Fixed arm elliptical trainers have no moving arms at all, and are a little less common nowadays. They are primarily lower-body workouts, and people who don't like to use the arms regularly and have them move back and forth tend to gravitate toward fixed-arm machines.
Hybrid armed elliptical trainers are the least common. These ellipticals are optimal for workout variety because the arms can be docked in place so they do not automatically move back and forth if you don't want to use them.
The linkages, where two pieces of steel are joined, make up a considerable amount of integrity of the machine. More cost-effective machines will use bushings, which use two pieces of material (typically brass, steel or plastic) which pivot on each other. Bushings wear over time, and will increase in noise and friction with more and more use.
Bearings are significantly smoother and require very little maintenance. You will usually find bearings on ellipticals in specialty stores, as opposed to department stores. Instead of having two flat pieces rub against one another, rounded bearings reduce the coefficient of friction, which results in less heat, noise and wear.
Wheel-on-Ramp vs. Suspension Systems
Some elliptical manufacturers utilize wheels that are directly connected to the pedals, which roll up and down a grooved track. Sometimes, these wheels are curved and other times they are not. Also, some companies use a single track for each pedal, and others use a dual track for curved wheels. For the most part, the idea is centrally the same: for the machine to provide the elliptical motion, it is dependent on the wheels moving back and forth, up and down the track(s).
Suspension ellipticals have no wheels. Instead, The pedals have their own independent pivot points (some also independently articulate) which are connected directly to linkages, which in turn are directly connected to the flywheel. They are called suspension systems because you are “suspended” in the air as you pedal the machine. Manufacturers design machines this way because they want the machine to have less maintenance required, and have them be significantly quieter than a wheel-on-ramp design.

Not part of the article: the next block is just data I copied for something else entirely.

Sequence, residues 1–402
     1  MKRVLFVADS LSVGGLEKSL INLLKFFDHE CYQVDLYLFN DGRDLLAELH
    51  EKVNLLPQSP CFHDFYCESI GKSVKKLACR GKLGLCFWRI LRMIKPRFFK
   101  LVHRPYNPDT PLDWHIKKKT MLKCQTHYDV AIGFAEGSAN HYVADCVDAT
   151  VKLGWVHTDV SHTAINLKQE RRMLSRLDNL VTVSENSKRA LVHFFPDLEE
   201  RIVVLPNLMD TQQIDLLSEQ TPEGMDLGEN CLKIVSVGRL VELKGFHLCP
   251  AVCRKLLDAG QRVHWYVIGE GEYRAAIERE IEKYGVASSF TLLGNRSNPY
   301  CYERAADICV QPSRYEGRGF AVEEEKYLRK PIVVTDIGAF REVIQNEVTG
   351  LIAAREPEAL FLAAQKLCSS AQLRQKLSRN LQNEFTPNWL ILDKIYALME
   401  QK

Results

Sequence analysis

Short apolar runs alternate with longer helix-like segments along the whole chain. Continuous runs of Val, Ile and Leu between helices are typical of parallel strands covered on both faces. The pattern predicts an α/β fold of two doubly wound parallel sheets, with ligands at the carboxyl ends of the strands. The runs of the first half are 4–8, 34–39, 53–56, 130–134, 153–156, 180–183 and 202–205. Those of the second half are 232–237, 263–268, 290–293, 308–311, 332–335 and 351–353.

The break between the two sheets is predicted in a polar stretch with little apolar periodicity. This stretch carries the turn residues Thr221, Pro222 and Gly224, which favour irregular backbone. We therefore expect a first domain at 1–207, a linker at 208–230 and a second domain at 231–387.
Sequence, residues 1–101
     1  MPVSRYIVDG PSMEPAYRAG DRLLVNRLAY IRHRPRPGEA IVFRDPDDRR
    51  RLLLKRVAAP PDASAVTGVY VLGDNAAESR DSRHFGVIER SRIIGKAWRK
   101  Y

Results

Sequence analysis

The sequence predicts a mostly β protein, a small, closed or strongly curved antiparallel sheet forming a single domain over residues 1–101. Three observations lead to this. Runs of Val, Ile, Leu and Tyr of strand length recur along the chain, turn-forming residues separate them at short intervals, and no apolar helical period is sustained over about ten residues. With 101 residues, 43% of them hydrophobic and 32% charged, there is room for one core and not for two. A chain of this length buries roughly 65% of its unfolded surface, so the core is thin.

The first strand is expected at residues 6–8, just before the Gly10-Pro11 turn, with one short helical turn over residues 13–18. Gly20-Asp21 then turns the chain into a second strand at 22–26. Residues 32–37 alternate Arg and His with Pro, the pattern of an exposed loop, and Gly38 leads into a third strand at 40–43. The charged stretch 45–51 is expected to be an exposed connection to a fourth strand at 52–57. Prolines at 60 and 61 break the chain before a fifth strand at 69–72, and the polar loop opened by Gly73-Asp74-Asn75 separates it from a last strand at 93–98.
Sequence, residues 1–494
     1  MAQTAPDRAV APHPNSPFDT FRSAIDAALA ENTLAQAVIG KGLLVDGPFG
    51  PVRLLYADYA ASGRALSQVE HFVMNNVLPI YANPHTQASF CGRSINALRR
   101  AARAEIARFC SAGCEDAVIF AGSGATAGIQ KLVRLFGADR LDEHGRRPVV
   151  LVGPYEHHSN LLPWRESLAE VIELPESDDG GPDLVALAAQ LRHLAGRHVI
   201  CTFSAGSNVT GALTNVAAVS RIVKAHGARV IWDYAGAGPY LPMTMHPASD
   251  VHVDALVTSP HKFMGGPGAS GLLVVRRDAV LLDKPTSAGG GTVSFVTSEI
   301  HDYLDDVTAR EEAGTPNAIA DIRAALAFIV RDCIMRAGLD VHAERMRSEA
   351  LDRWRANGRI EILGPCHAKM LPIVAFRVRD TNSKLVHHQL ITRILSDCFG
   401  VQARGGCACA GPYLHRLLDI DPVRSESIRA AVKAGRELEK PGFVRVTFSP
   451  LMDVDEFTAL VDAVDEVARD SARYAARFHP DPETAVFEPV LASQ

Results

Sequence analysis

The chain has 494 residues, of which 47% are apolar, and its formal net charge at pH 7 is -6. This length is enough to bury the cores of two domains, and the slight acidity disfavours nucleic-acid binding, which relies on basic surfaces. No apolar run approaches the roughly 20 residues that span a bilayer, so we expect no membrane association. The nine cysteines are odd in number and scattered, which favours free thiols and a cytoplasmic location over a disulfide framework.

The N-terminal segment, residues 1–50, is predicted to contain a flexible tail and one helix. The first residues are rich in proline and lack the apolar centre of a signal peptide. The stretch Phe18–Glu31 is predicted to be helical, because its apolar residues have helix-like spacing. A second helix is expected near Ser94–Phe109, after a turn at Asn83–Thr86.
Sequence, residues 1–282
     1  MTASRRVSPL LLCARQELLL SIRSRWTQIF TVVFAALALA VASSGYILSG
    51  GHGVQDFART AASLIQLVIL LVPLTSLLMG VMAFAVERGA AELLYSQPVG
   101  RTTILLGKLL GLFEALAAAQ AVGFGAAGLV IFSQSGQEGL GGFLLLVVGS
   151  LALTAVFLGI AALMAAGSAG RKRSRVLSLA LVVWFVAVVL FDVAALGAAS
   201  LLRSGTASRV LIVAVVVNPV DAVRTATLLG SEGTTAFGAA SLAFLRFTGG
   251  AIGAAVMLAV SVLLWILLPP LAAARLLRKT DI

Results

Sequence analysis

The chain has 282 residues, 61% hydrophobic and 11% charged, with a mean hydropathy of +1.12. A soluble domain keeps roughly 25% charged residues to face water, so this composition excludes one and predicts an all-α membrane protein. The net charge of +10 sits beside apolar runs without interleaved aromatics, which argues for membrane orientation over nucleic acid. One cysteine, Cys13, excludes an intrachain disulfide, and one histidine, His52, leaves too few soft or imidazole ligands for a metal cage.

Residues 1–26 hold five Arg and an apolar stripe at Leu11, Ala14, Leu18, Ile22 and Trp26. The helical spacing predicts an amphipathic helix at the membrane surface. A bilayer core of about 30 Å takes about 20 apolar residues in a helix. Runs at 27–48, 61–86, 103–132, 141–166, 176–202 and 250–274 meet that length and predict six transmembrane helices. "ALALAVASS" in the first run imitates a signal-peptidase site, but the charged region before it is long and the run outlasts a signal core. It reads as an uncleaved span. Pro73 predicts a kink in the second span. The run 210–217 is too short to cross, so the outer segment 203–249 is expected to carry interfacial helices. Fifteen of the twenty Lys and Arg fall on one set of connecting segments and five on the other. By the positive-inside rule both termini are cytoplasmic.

I am an advocate that whatever machine is most comfortable and fits you best is likely to be the machine you will get the most benefits from, and that biomechanics and ergonomics trump mostly everything else. Still, there are a couple significant differences between the two types of systems that you should consider, and while I don't think one is “better” than the other, I think that by taking these things into consideration, it will help make you decision making process a bit less convoluted.
A wheel-on-ramp system is going to be noisier, as you will hear the wheels “whooshing” up and down the tracks.
A wheel-on-ramp system is going to require more preventative maintenance from you, because you are going to have to keep the tracks clean and free of debris. In addition, the wheels are a wear item.
A suspension system is quieter than a wheel-on-ramp system and does not have the wear items or require the preventative maintenance. However, the catch is that now regarding energy displacement, the machine is being stressed more. When you use an elliptical that has wheels moving back and forth on a track, you are evenly distributing the energy you are outputting along the entire track and/or ramp. However on a suspension elliptical, all of that energy has nowhere to go except for the linkages, so there is more stress being applied to those pivot points. Also, because most ellipticals use bolts to connect the arm masts, there is additional pressure being applied, and the bolts will likely loosen over time and need tightened again.
For more information on maintenance and service of your treadmill, elliptical, or other home fitness equipment, we recommend: 5 Tips to stop Treadmill Static, Do You Really Need to Clean Your Fitness Equipment, The Ultimate Elliptical Buyers Guide, The Ultimate Treadmill Buyers Guide.
Questions? Feel free use the button below to chat with us! Or you can email me at firstname.lastname@example.org
About Bryan Shutts: Bryan has been with G&G since 2008. Along with experience as a personal trainer, Bryan has a BS in Education and is licensed to teach. He is an adjunct instructor for Wright State University. He has also taught grades 7-12... more about Bryan